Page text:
Sloan Kettering pulls rug out from under its execs after apparent conflicts of interest
Memorial Sloan Kettering Cancer Center, under siege for potential conflicts of interest, has severely tightened the reins on its top executives.
No longer will they be able to serve on corporate boards of drug and health care companies, according to a story by Katie Thomas and Charles Ornstein in The New York Times this week.
The sanctions were imposed following a series of stories by The Times and ProPublica, a nonprofit journalism organization, that exposed questionable exec ties to the industry.
In some cases, the article indicates, the companies "had paid them hundreds of thousands of dollars a year."
Officials at the facility, one of the world's most prominent, apparently also were informed by officials of their parent hospital that "a series of reforms designed to limit the ways in which its top executives and leading researchers could profit from work developed at Memorial Sloan Kettering, a nonprofit with a broad social mission that admits about 23,500 cancer patients each year," were being made permanent.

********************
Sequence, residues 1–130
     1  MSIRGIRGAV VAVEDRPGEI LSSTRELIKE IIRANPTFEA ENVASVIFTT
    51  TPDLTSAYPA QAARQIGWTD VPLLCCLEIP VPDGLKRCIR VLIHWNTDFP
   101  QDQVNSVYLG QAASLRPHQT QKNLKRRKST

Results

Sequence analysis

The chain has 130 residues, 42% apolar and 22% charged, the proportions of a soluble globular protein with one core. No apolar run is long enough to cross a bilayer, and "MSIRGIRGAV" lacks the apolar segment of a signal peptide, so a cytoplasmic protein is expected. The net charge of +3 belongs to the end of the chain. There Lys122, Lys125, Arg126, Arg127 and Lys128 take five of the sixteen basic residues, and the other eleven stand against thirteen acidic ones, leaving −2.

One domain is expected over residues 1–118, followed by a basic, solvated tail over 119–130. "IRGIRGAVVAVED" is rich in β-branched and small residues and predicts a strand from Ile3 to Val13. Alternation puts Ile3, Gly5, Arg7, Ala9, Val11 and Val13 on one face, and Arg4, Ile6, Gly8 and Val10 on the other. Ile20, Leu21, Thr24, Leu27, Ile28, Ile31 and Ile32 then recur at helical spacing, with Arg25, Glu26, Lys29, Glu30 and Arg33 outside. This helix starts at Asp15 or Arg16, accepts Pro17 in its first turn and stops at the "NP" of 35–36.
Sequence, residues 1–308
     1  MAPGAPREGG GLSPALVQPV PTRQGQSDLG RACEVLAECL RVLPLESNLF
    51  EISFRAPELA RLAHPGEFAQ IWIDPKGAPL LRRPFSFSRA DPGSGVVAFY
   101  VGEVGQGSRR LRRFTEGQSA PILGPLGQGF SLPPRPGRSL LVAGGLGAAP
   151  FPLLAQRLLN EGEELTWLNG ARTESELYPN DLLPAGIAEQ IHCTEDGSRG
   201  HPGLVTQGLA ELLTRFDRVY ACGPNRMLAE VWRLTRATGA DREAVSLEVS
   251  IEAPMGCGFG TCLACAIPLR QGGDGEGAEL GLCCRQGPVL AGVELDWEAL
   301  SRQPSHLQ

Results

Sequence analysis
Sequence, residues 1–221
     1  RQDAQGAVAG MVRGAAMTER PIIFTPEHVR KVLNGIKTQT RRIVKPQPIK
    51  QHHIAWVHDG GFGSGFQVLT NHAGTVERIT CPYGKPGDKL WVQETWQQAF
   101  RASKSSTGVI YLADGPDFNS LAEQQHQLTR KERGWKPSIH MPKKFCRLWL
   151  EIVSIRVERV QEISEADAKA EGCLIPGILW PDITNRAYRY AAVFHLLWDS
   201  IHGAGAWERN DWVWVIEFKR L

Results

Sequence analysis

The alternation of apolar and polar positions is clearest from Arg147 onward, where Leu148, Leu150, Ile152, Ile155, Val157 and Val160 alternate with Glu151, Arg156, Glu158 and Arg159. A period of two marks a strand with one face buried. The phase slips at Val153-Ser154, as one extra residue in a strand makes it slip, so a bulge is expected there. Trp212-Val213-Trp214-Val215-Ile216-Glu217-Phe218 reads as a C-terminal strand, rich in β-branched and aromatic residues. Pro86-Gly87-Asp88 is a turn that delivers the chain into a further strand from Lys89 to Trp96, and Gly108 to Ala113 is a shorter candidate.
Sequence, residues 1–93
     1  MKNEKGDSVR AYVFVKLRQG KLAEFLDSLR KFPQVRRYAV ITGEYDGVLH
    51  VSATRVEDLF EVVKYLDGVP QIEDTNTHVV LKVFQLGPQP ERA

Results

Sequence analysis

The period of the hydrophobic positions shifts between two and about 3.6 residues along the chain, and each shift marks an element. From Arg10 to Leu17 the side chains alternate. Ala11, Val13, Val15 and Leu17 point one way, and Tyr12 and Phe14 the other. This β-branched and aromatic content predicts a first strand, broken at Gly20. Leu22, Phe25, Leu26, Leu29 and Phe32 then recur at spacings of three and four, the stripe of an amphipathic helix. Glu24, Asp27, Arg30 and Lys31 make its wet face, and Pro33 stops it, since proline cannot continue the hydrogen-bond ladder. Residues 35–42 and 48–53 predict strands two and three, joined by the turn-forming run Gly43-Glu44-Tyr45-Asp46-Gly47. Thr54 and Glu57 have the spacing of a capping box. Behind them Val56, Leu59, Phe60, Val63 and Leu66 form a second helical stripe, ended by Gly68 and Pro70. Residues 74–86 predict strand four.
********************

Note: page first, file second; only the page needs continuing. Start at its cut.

The conflicts at the center, the story continues, "have had a rippling effect on other leading cancer institutions across the country."
Dana-Farber Center Institute in Boston and Fred Hutchinson Cancer Center in Seattle, for example, are said to be reconsidering their policies on financial ties.
|Dr. Craig B. Thompson|
Earlier, The Times and ProPublica had alleged that Dr. José Baselga, Sloan Kettering's chief medical officer, "had failed to disclose millions of dollars in payments from drug and health companies in dozens of articles in medical journals."
Baselga resigned within days of the stories going public — and "stepped down from the boards of the drugmaker Bristol-Myers Squibb and Varian Medical Systems, a radiation equipment manufacturer."
Sloan Kettering employees who represent the hospital on corporate boards now will be barred from "accepting personal compensation, like equity stakes or stock options, from the companies."
The Times story quotes Dr. Walid Gellad, director of the Center for Pharmaceutical Policy and Prescribing at the University of Pittsburgh, as calling the policy changes a "watershed moment."
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